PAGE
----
The use of digital technologies is a growing trend in most industries, and dentistry is no exception. More than 90 percent of dental clinics are now working with digital X-ray systems, and it is only a matter of time before all impressions are taken digitally using scanners, believes Dr Andreas Kurbad, who has lectured and taught courses on computer-assisted design (CAD) and computer-aided manufacturing (CAM) in dentistry for more than 20 years.
“It’s faster, simpler and more accurate. With the use of modern design software and effective milling units, digital impressions can be directly processed, and the final restorations produced in one treatment session, saving time and money for patients,” said Dr Kurbad, who has also authored a German textbook on the subject, CAD/CAM und Vollkeramik – Ästhetische Restaurationen in der Praxis (CAD/CAM and All-Ceramics – Aesthetic Restorations in Practice).
He noted that all currently available intraoral 3D cameras are optical-based. “This means that you can only scan what you can see, so if there is blood on the preparation margin, it will not be visible. This is obviously a disadvantage now, but, in the future, the use of ultrasonic scanners should be able to solve this problem,” he said.
He predicted that the dentistry’s digitisation will also take another leap forward when data from various devices are pooled for the patients’ benefit. “Already, in the SICAT Function system, the digital recording of jaw movements can be connected with data from 3D X-rays to find and restore the optimal jaw relationship, and the data can also be used in a digital CAD/CAM system for the production of restorations. This is especially interesting for the creation of a new occlusal vertical dimension,” he explained.
He concluded: “More and more materials will be optimised for in-office, one-session treatments. Many of them are already strong enough and have very short processing times and perfect aesthetics. Modern cementation techniques will complete the digital system. There are so many benefits that no one will want to return to the old methods.”
Dr. Kurbad will be speaking in depth about the developments of digital technology at the IDEM 2018 Conference in Singapore in April.
Peri-implantitis is one of the most frequent pathological conditions that dentists and dental hygienists face. A systematic review of epidemiology published in the Journal of Clinical Periodontology in 2015, for example, found that 22 percent of patients were affected by it. To date, however, there is no gold standard of treatment, nor randomised clinical trials in the literature comparing surgical and non-surgical treatment.
To combat the condition, Dr Magda Mensi, Assistant Professor of Periodontology, Oral Surgery and Implantology at the University of Brescia’s Dental and Hygiene School in Italy, embarked on a pilot study in 2013 to determine whether a combination of low-abrasive powder, topical antibiotic and curettage could be more effective against severe peri-implantitis than conventional manual or mechanical debridement.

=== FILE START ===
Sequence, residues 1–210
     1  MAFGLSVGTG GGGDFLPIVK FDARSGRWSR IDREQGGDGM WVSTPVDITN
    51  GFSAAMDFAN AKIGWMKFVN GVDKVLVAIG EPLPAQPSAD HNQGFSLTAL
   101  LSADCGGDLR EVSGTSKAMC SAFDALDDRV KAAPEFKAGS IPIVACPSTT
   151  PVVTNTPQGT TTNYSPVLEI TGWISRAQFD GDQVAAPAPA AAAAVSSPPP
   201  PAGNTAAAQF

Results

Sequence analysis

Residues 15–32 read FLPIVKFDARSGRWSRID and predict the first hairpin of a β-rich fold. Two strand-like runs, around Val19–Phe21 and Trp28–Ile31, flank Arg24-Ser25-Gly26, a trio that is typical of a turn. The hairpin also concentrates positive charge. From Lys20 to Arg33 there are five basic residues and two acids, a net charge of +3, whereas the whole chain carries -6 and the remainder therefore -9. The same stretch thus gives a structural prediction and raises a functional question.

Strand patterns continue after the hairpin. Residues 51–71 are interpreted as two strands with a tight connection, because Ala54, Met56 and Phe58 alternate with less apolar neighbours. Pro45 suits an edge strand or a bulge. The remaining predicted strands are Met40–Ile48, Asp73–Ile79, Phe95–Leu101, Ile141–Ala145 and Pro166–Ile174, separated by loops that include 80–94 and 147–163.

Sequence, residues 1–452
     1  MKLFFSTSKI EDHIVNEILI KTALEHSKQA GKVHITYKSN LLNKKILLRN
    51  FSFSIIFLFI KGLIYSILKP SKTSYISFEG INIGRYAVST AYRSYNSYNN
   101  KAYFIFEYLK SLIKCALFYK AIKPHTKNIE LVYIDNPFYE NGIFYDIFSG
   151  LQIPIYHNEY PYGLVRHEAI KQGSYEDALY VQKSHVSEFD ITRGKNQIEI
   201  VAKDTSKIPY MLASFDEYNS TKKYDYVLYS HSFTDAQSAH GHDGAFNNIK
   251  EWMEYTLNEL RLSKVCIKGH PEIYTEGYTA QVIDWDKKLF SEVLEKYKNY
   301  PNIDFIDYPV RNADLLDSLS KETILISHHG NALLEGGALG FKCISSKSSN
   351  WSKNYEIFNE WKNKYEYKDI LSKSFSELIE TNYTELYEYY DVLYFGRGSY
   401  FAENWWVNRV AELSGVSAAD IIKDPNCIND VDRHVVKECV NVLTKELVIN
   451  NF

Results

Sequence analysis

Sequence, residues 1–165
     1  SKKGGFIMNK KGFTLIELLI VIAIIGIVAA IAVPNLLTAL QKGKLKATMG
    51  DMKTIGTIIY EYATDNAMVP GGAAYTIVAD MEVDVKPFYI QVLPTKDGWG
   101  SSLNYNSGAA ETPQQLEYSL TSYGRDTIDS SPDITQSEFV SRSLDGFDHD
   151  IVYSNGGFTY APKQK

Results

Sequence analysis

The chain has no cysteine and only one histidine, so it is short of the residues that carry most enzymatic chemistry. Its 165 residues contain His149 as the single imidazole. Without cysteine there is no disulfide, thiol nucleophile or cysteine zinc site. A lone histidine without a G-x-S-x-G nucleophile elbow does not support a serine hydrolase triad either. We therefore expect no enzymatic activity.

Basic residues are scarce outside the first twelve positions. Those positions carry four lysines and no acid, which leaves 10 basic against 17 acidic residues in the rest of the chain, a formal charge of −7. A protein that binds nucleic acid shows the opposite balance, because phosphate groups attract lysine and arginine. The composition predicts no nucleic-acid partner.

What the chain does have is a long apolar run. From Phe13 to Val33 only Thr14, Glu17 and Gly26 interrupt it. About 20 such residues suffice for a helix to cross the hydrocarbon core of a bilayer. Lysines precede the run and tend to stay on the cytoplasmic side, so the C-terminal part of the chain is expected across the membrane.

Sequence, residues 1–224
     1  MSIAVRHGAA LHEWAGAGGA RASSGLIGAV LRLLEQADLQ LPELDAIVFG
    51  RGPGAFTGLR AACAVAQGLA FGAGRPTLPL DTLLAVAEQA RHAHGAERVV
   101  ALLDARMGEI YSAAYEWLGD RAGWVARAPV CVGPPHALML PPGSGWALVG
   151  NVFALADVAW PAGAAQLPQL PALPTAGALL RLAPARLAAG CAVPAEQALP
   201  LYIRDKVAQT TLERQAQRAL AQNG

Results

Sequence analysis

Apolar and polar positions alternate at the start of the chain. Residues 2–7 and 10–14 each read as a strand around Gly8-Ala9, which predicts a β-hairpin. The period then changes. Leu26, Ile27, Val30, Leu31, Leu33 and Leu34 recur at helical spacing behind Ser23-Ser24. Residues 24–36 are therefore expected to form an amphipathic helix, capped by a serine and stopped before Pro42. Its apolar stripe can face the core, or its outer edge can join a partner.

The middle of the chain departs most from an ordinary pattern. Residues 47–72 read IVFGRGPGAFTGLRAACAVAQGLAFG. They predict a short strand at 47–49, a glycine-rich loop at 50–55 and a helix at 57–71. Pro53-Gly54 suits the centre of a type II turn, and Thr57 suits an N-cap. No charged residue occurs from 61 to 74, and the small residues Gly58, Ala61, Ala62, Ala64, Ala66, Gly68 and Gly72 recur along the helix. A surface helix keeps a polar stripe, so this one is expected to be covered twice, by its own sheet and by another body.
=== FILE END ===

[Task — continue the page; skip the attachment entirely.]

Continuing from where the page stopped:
After one year, Dr Mensi and her colleagues observed 4 millimetres of pocket probing depth reduction, more than 3.7 millimetres of attachment level gain, and only 6.5 percent of bleeding on probing at level site in their study’s 15 patients’ 27 implants. These results were better than those of the conventional treatments. Furthermore, in the four years since the study began, only one patient has had a reoccurrence of peri-implantitis, and that was likely due to the patient missing several control and maintenance appointments and taking immunosuppressive drugs, as well as a worsening of her general health.
Dr Mensi’s Multiple Anti-Infective Non-Surgical Therapy (MAINST) protocol consists of using topical 14 percent doxycycline delivered by a biodegradable controlled released vehicle to solve the peri-implantitis acute phase, a session of full mouth air-polishing therapy with erythritol powder delivered sub-gingival with a special nozzle, curettage of the internal pocket line with a piezoceramic device with PEEK-coated tips and, finally, a second application of the doxycycline gel.
The patients also underwent quarterly maintenance sessions and were instructed to use personalised home care instruments, such as sonic toothbrushes, interdental brushes and floss. “This is very important. The patients have to be educated in plaque and calculus removal, motivated to carry out this maintenance at home, and show up for their dental sessions. If they come back only when there is a problem, it will be too late,” said Dr Mensi.
She added that the results from her study so far indicate that her MAINST protocol could be a gold standard of treatment for peri-implantitis. She said: “The only surgery that really works for peri-implantitis is regenerative, reconstructive surgery, but our protocol can be a better, non-surgical alternative. We are going to conduct a randomised control study to validate this hypothesis.”
Dr. Mensi will speak in depth about the non-surgical approaches to peri-implantits at IDEM 2018 in April in Singapore. For more information on IDEM Singapore, visit http://www.idem-singapore.com/.